When attempting to declutter your home or do a bit of spring cleaning, it can be a challenge to sift through the junk and decide what to toss out. You may assume that you’ll use the items again or even feel guilty for throwing out special gifts, but with all of the excuses comes plenty of clutter. If you tend to hold onto things for sentimental reasons or because you figure you’ll use it in the future, you might need to re-evaluate how you clean, and what you truly need. For an efficient way of only keeping what you can use, there are a few questions to ask in the de-junking process.
Has It Been Used in the Last Year?
Between clothing to toys, a general rule of thumb when cleaning is only keeping the item if you’ve used it in the last year. If you continue to hold on to it, but haven’t put it to good use, then there may be a bit of attachment that is causing you to hoard it. If the item has true sentimental value, you might not have necessarily used it in the past year, you might just want to hold onto it. If it’s stuffed in a corner or shoved in a box that you never look at or think about, it probably doesn’t have much sentimental value. There might be other items that haven’t been used in the last year, but you use the excuse that you might need to use it one day. In this case, it’s time for a serious reality check—will you really use it in the future. If the chance of using the item sometime within the next ten years is 50% or lower, you probably don’t need to keep it. Plus, you might not want to use the item after it’s been sitting there for ten years anyways.
Do You Have More Than One?
There’s simply no need for two chess boards or an extra set of silverware. Throw out anything that you already have one set of, which will reduce your clutter and allow someone else to find use with the item. If things are still in good condition, you can donate extra items that you have to charity or friends who are in need. Sometimes it can be helpful to have more than one item, but in most cases, you really don’t need a “backup.”
Will Your Children Appreciate It?
Whether you’re cleaning out an old jewelry box or a box full of photos in the attic, it’s important to ask yourself if your children will enjoy the item. Anything that is sentimental and can be passed down should be kept for memories that relate to the family’s history. Remember that when you pass away, your children will be in charge of going through your possessions. Will they find boxes full of important memories and treasures, or will they find a pile of junk that should have been trashed or given away years ago? It can be tough to part with things that hold some sentimental value, but if it isn’t truly important to you and if it won’t mean anything to your children after you’re gone, there’s not much reason to let it take up space in your home.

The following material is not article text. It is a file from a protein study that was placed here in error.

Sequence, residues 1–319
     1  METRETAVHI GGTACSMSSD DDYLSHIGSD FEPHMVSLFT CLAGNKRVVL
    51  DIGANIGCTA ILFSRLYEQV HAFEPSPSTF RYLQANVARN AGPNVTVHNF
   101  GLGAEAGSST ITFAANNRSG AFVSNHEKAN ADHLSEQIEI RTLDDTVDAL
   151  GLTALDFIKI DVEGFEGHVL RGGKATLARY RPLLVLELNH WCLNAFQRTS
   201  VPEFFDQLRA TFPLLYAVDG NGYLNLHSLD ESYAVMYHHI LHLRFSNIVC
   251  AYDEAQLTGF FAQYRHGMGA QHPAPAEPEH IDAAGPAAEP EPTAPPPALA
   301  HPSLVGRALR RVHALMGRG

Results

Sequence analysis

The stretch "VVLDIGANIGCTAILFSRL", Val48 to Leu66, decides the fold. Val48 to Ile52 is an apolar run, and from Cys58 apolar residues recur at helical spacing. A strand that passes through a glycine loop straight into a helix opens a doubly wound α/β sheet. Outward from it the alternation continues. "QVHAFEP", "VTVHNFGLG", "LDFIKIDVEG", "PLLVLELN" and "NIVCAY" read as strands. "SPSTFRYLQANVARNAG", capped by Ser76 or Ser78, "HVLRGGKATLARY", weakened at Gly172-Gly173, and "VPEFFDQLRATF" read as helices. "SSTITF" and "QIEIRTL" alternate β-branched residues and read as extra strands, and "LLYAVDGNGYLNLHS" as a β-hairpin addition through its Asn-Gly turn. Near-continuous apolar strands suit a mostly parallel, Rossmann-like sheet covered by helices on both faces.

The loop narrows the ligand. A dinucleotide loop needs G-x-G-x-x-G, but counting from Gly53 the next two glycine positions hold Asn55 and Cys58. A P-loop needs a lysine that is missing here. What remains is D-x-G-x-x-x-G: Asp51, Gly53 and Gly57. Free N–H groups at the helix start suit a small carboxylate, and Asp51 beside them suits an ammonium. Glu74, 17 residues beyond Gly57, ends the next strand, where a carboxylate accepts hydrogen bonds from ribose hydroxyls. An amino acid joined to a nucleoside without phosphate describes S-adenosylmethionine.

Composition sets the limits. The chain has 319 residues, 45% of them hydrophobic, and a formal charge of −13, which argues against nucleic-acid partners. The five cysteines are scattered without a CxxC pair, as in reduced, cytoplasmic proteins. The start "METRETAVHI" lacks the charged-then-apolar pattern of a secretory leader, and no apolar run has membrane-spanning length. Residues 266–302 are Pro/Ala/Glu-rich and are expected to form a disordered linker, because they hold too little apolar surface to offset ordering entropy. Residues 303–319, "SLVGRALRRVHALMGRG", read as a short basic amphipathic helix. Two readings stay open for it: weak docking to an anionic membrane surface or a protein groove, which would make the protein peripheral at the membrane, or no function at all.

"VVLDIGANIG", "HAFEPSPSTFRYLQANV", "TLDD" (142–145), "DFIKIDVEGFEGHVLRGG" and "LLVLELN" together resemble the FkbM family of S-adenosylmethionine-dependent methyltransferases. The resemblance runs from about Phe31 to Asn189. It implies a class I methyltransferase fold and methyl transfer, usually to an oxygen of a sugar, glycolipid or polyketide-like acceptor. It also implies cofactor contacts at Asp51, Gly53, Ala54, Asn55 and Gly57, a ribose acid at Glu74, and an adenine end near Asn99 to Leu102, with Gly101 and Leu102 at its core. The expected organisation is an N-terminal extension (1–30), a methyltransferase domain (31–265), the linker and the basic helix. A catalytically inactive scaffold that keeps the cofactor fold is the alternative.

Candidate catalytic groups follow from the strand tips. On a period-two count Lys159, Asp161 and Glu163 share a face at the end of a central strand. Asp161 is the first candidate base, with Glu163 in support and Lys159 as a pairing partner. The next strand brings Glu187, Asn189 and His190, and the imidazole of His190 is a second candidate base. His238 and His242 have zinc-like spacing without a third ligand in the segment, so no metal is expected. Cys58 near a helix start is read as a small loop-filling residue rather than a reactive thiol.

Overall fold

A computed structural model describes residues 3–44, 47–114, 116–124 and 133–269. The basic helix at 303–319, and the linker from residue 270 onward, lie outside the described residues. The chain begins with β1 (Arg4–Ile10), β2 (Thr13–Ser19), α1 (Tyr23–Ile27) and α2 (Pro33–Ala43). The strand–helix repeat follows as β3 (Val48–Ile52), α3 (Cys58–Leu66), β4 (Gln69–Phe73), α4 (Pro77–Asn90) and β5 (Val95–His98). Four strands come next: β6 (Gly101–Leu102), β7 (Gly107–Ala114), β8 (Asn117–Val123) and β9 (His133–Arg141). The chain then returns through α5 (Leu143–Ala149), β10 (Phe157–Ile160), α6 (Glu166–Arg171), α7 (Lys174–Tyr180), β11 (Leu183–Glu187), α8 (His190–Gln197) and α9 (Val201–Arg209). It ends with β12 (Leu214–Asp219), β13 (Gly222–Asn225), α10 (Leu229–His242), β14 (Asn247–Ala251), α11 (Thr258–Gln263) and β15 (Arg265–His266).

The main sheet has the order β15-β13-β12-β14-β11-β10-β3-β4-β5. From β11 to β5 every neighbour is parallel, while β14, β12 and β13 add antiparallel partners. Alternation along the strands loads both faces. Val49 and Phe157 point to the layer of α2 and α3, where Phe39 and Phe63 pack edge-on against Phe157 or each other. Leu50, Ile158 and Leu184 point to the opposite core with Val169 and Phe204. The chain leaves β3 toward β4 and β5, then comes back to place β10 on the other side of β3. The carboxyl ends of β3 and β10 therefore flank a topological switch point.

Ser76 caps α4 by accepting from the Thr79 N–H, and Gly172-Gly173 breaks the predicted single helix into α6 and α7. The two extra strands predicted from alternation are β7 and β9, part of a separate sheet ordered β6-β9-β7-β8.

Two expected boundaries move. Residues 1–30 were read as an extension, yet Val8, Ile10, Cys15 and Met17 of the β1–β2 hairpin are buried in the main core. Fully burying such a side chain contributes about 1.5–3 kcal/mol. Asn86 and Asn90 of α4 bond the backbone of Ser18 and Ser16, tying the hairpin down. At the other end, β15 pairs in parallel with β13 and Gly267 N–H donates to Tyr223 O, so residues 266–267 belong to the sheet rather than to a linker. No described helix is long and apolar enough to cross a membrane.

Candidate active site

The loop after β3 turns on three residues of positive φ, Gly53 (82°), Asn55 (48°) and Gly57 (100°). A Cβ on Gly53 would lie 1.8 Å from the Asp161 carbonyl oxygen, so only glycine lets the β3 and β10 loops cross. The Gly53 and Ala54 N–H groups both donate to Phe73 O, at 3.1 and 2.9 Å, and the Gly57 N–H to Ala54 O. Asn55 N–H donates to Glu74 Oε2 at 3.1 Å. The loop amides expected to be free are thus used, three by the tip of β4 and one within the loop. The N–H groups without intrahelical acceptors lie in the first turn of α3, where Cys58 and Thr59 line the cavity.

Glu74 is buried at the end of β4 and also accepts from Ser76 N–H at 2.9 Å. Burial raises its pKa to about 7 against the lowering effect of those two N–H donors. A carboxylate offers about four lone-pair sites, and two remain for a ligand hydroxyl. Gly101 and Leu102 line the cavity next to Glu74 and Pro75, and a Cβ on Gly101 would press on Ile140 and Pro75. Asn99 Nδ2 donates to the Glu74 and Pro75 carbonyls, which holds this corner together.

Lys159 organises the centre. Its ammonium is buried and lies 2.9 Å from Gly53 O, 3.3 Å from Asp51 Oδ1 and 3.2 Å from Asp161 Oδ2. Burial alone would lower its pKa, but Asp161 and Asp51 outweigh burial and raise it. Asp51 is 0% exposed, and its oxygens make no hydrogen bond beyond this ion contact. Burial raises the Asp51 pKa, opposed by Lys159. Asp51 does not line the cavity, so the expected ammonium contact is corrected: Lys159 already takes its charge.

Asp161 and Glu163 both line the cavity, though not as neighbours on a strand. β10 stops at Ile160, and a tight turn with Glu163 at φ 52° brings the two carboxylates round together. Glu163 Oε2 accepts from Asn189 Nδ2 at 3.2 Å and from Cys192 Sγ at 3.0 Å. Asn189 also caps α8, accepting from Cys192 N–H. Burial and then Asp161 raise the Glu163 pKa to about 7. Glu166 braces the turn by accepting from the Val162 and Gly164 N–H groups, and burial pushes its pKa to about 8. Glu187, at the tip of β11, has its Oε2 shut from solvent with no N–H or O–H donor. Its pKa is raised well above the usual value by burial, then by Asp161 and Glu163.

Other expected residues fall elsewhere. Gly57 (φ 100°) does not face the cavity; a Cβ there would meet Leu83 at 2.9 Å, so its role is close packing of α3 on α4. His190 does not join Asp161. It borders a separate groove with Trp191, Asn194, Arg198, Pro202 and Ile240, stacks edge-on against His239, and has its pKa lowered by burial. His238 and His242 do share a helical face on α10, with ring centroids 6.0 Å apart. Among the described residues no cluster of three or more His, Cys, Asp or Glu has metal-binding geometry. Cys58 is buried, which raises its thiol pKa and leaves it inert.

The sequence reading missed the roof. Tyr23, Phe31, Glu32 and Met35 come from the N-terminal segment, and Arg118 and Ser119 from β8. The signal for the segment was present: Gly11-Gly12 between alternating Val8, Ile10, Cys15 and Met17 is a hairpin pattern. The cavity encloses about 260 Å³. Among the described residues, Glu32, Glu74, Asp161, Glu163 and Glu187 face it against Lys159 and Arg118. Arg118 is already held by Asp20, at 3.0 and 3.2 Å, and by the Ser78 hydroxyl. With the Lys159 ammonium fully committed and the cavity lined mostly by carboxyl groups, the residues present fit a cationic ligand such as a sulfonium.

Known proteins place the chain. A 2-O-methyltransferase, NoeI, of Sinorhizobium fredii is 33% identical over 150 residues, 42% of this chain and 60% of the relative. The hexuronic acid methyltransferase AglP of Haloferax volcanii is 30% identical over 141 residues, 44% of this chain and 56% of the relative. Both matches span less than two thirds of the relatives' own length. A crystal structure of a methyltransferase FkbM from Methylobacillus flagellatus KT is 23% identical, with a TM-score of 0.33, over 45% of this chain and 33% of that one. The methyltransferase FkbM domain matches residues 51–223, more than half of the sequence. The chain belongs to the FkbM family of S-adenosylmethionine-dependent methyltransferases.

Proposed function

Will Someone Else Get Better Use of the Item?
You may still be struggling to donate an old high chair that your child once used, but if you’re done having kids and your kid is now a teen, then it’s time to toss it. There are several other people who will likely get good use of the product, so don’t keep it for the “what if’s” of the future. If there are items that you hardly (or never) use, think about those who would love to have the item or get great use out of it. You’ll feel great when you donate the item to charity or give it to a family in need. If the item can be put to better use by someone else, let it go.
Is It Broken?
Items that are broken, damaged, or stained can offer sentimental value, but will likely never be used again. Take a photo if you need to remember the item, but toss it with the other belongings to make progress when reducing the clutter. Be honest with yourself about what type of value the item holds. It might be important to you, but if it doesn’t work or is severely damaged or dirty, does it really have any value? There will likely be broken items in your garage or attic that you said you would fix ages ago. If an item has been sitting around forever and is still broken, you need to be honest with yourself—what is the likelihood that you will actually fix the item. If the probability is low, it’s time to trash the piece.
When organizing your home and working through the piles of paperwork or boxes of clothes, there can be a method to clearing out the madness. By asking yourself the main rules of thumb for decluttering, you’ll be able to keep what’s still needed and toss the items that are only taking up space. It can be tough to part with items you’ve had for a long time, but you’re only wasting space if you hold onto things you won’t use and don’t care about. There is always the question of “what if,” but you can’t keep hoarding things thinking that you might someday use them, fix them, or find a place for them. If it doesn’t have a place in your home or your heart—it’s time to toss! Information for this article was provided by the professionals of The Self Storage Place, who offer storage units in Victoria.